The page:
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Things in My Living Room

Artist: Kawita Vatanajyankur, Yuan Goang-ming, Oh Min, YOUNG-HAE CHANG HEAVY INDUSTRIES, Sara Cwynar, Wang Gongxin
Language: Multiple
Audience: Everyone
Location: Grand Stair

Things in My Living Room

Chairs, clothespins, vacuums, floor tiles, and toys—Things in My Living Room focuses on objects in the house and scenes of their placement, arrangement, and circulation. Items are not only viewed as objects, but as substances with their own vitality and capabilities. Things in My Living Room explores the relationship between the objects and their impact on people and society. As a metaphor that reflects the connections between these objects and their human users during the pandemic, this programme focuses on the material that makes up a home, the issues of individual and collective experience, unconsciousness, and the identity the home represents.

Due to M+'s temporary closure under COVID-19 restrictions, the screenings and post-screening discussion associated with this programme have been cancelled.

Post-screening Discussion (Cancelled)

My Mother and I (Vacuum III)

Kawita Vatanajyankur | 2021 | Colour | Silent | 8 min 55 sec

Loan courtesy of the artist

In this performative work, Vatanajyankur transforms her body into a vacuum. She constructs a makeshift house to highlight the invasive result of air pollution, imitating the reality of dust pollution. Using a living space as a factor, she challenges the idea of ‘assumed’ safety. The structure of the space is compared to the corporeal, which acts as a container—an outer skin. The interior, on the other hand, resembles internal organs such as the human lung. In other words, the constructed house is itself the human body.

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My Mother and I (Vacuum Ⅲ), Kawita Vatanajyankur. 2021. © Kawita Vatanajyankur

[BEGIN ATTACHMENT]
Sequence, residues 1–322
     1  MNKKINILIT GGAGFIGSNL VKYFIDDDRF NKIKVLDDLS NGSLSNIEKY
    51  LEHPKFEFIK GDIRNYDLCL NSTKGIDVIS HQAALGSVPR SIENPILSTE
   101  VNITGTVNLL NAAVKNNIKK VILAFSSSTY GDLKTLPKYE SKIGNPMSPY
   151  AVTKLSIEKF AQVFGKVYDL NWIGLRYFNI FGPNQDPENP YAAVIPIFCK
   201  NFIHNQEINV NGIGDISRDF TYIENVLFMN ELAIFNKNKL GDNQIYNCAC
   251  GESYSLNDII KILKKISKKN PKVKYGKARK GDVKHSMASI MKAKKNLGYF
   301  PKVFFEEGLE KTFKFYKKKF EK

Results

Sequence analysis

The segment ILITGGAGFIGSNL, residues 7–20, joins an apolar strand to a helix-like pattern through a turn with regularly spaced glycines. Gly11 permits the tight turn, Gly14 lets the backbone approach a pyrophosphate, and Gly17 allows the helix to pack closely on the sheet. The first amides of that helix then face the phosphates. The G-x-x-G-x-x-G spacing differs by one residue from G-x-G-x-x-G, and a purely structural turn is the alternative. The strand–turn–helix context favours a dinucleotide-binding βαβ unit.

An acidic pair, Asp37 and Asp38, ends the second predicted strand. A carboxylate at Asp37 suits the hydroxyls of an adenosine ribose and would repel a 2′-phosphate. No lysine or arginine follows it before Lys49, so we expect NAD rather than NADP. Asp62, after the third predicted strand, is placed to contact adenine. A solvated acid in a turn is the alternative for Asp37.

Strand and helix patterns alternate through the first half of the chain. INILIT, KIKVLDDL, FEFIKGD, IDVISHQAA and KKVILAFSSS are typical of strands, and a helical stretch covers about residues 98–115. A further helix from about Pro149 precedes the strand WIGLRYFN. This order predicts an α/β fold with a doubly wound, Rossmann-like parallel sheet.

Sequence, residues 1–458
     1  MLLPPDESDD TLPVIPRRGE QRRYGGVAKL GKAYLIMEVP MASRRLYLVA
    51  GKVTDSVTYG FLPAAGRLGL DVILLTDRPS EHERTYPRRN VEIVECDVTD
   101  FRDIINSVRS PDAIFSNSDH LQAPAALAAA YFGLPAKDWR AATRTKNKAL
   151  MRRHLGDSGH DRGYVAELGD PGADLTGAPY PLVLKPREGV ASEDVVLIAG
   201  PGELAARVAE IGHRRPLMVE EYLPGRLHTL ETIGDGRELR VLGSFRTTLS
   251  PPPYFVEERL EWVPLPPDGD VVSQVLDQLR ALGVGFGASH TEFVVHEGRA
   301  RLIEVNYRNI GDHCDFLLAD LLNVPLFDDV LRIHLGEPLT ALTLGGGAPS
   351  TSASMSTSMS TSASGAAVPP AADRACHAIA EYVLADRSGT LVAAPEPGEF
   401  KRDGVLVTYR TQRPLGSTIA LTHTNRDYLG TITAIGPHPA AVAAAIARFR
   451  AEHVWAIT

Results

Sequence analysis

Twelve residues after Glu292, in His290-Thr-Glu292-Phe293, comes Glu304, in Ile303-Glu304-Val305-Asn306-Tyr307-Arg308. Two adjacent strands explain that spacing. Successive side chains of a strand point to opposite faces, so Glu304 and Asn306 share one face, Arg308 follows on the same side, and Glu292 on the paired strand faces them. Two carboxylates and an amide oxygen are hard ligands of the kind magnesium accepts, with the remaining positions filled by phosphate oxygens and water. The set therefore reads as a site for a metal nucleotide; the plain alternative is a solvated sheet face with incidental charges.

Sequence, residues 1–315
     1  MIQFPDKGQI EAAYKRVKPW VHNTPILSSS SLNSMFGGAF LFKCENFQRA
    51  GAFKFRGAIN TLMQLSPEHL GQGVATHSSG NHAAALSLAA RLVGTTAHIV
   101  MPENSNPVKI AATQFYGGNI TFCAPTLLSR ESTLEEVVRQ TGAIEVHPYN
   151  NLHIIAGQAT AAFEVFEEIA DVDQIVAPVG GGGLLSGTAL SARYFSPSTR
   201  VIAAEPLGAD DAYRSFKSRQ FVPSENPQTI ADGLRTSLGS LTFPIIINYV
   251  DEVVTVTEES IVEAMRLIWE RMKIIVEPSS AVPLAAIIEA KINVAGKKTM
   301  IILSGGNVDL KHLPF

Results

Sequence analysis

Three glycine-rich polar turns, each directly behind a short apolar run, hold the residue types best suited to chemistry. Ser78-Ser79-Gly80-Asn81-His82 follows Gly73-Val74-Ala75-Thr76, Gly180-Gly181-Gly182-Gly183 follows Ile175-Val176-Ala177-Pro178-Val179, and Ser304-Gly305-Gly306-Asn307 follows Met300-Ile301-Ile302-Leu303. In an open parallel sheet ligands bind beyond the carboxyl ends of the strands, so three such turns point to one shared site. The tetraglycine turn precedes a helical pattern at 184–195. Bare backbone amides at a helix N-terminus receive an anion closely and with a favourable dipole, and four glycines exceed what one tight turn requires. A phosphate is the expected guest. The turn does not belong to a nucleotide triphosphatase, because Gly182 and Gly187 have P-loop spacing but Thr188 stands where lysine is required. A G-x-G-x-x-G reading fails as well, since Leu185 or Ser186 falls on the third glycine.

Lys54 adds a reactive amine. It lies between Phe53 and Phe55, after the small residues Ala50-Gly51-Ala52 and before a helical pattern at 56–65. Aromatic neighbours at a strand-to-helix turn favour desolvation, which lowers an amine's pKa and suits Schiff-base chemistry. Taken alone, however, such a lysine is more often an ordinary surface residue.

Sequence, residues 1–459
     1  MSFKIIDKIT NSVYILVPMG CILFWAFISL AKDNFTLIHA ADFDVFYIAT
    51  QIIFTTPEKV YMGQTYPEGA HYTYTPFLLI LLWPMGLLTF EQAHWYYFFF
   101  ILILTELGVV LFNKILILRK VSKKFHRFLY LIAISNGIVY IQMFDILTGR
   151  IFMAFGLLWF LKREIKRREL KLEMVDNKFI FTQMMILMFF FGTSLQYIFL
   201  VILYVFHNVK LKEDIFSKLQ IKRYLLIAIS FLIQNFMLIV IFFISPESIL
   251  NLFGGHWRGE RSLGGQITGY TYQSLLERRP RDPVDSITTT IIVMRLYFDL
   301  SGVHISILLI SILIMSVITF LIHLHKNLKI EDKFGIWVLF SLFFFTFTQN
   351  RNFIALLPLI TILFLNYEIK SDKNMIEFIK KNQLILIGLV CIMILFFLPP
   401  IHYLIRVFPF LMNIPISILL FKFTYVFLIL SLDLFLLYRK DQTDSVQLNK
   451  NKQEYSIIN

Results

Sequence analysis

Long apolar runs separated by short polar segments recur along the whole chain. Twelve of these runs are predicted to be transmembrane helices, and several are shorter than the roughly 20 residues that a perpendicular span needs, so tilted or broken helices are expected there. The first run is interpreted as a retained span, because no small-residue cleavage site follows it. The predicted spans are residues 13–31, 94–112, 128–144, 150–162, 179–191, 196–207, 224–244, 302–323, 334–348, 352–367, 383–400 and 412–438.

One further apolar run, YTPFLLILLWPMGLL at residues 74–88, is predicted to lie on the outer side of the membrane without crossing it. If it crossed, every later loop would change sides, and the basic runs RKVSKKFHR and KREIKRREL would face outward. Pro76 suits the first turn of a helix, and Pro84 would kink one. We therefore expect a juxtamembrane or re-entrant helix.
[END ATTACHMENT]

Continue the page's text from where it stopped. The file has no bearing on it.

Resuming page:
Yuan Goang-ming | 2014 | Colour | Sound | 5 min

Loan courtesy of the artist and TKG+

Dwelling shows an ordinary living room that has been built underwater. A sudden, massive explosion completely disassembles the living room, only for it to immediately return to its original state. The suffusing movement of objects between the everyday living room and the incident that suddenly sends knickknacks flying in every direction, makes us link the way the pandemic has destroyed our daily lives and the calm that will eventually return.

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Dwelling, Yuan Goang-ming. 2014. © Yuan Goang-ming and TKG+

ABA Video

Oh Min | 2016 | Colour | Sound | 12 min 50 sec

Loan courtesy of the artist

Combining objects, performance, music, and video, ABA Video is an interpretation and visual manifestation of the logical and systematic structure of music. Inspired by Rachmaninoff's Piano Sonata No. 2, Movement 1, a performer organises various objects to construct scenes in which the spatial composition changes sensorially to express the process of conflict, development, harmonization, and resolution. The scenes in the work are familiar, yet charged with an exquisite sense of controlled regulation and tension.

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ABA Video, Oh Min. 2016. © Oh Min


YOUNG-HAE CHANG HEAVY INDUSTRIES | 2008 | Colour | Sound | 1 min 49 sec

M+, Hong Kong

AM I ALL ALONE HERE? is a text-based work showcasing the artist’s signature quick-fire narration flashing on screen against a dramatic soundtrack. With a robotic and oddly calm voice, the protagonist calls for attention as he frenetically bursts out existential questions. As the animation unfolds, his plea triggers our anxieties and evokes a sense of disorientation.



Soft Film

Sara Cwynar | 2016 | Colour | Sound | 7 min 6 sec

Loan courtesy of the artist and Foxy Production, New York

Soft Film playfully explores how objects circulate through the internet, delving into the lives they have now which they could not have lived before. Sara Cwynar collects, arranges, and archives her eBay purchases of dated objects according to a logic based on colour, material, vintage, and use. The artist also performs simple actions in front of the camera, such as moving behind a potted plant and grasping a jewellery box.

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Soft Film, Sara Cwynar. 2016. © Sara Cwynar and Foxy Production, New York

The Sky of Brooklyn─digging a hole in Beijing

Wang Gongxin | 1995 | Colour | Sound | 2 min 56 sec

Loan courtesy of the artist

Wang Gongxin dug a hole 3.5 metres deep in the middle of his family’s living room in Beijing and placed a television monitor at the bottom of the brick-lined well. The monitor displays a looped footage of the blue sky Wang had filmed outside his Brooklyn studio. The Sky of Brooklyn─digging a hole in Beijing represents the connections and distances—both physical and cultural—between the United States and China that Wang experienced, touching on the subjects of globalisation and national representation.

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The Sky of Brooklyn—digging a hole in Beijing, Wang Gongxin. 1995. © Wang Gongxin